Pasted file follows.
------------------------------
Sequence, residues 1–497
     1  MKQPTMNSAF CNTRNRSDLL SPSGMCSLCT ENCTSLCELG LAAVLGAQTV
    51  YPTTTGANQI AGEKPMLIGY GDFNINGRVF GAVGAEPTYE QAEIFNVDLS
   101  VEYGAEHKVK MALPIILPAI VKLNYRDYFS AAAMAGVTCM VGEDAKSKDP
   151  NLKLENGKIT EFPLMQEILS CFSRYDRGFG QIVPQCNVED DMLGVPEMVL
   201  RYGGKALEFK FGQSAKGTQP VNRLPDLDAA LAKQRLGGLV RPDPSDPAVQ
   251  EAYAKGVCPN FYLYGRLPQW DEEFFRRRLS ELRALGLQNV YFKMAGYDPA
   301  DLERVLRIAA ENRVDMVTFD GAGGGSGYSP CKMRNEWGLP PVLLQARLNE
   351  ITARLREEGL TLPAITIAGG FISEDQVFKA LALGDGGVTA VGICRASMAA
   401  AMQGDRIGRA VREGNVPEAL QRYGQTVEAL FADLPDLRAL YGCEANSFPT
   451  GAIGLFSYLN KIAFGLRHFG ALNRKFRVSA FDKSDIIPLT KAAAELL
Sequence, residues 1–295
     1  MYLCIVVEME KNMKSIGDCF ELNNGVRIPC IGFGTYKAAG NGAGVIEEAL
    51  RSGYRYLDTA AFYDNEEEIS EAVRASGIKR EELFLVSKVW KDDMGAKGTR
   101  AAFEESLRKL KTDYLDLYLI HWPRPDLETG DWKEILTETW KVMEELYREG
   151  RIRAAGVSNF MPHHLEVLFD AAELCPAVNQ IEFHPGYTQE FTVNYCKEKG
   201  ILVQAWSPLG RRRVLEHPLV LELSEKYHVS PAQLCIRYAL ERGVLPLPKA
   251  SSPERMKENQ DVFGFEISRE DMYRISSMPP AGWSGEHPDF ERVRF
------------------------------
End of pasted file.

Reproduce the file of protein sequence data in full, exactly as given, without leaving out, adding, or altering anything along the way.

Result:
Sequence, residues 1–497
     1  MKQPTMNSAF CNTRNRSDLL SPSGMCSLCT ENCTSLCELG LAAVLGAQTV
    51  YPTTTGANQI AGEKPMLIGY GDFNINGRVF GAVGAEPTYE QAEIFNVDLS
   101  VEYGAEHKVK MALPIILPAI VKLNYRDYFS AAAMAGVTCM VGEDAKSKDP
   151  NLKLENGKIT EFPLMQEILS CFSRYDRGFG QIVPQCNVED DMLGVPEMVL
   201  RYGGKALEFK FGQSAKGTQP VNRLPDLDAA LAKQRLGGLV RPDPSDPAVQ
   251  EAYAKGVCPN FYLYGRLPQW DEEFFRRRLS ELRALGLQNV YFKMAGYDPA
   301  DLERVLRIAA ENRVDMVTFD GAGGGSGYSP CKMRNEWGLP PVLLQARLNE
   351  ITARLREEGL TLPAITIAGG FISEDQVFKA LALGDGGVTA VGICRASMAA
   401  AMQGDRIGRA VREGNVPEAL QRYGQTVEAL FADLPDLRAL YGCEANSFPT
   451  GAIGLFSYLN KIAFGLRHFG ALNRKFRVSA FDKSDIIPLT KAAAELL
Sequence, residues 1–295
     1  MYLCIVVEME KNMKSIGDCF ELNNGVRIPC IGFGTYKAAG NGAGVIEEAL
    51  RSGYRYLDTA AFYDNEEEIS EAVRASGIKR EELFLVSKVW KDDMGAKGTR
   101  AAFEESLRKL KTDYLDLYLI HWPRPDLETG DWKEILTETW KVMEELYREG
   151  RIRAAGVSNF MPHHLEVLFD AAELCPAVNQ IEFHPGYTQE FTVNYCKEKG
   201  ILVQAWSPLG RRRVLEHPLV LELSEKYHVS PAQLCIRYAL ERGVLPLPKA
   251  SSPERMKENQ DVFGFEISRE DMYRISSMPP AGWSGEHPDF ERVRF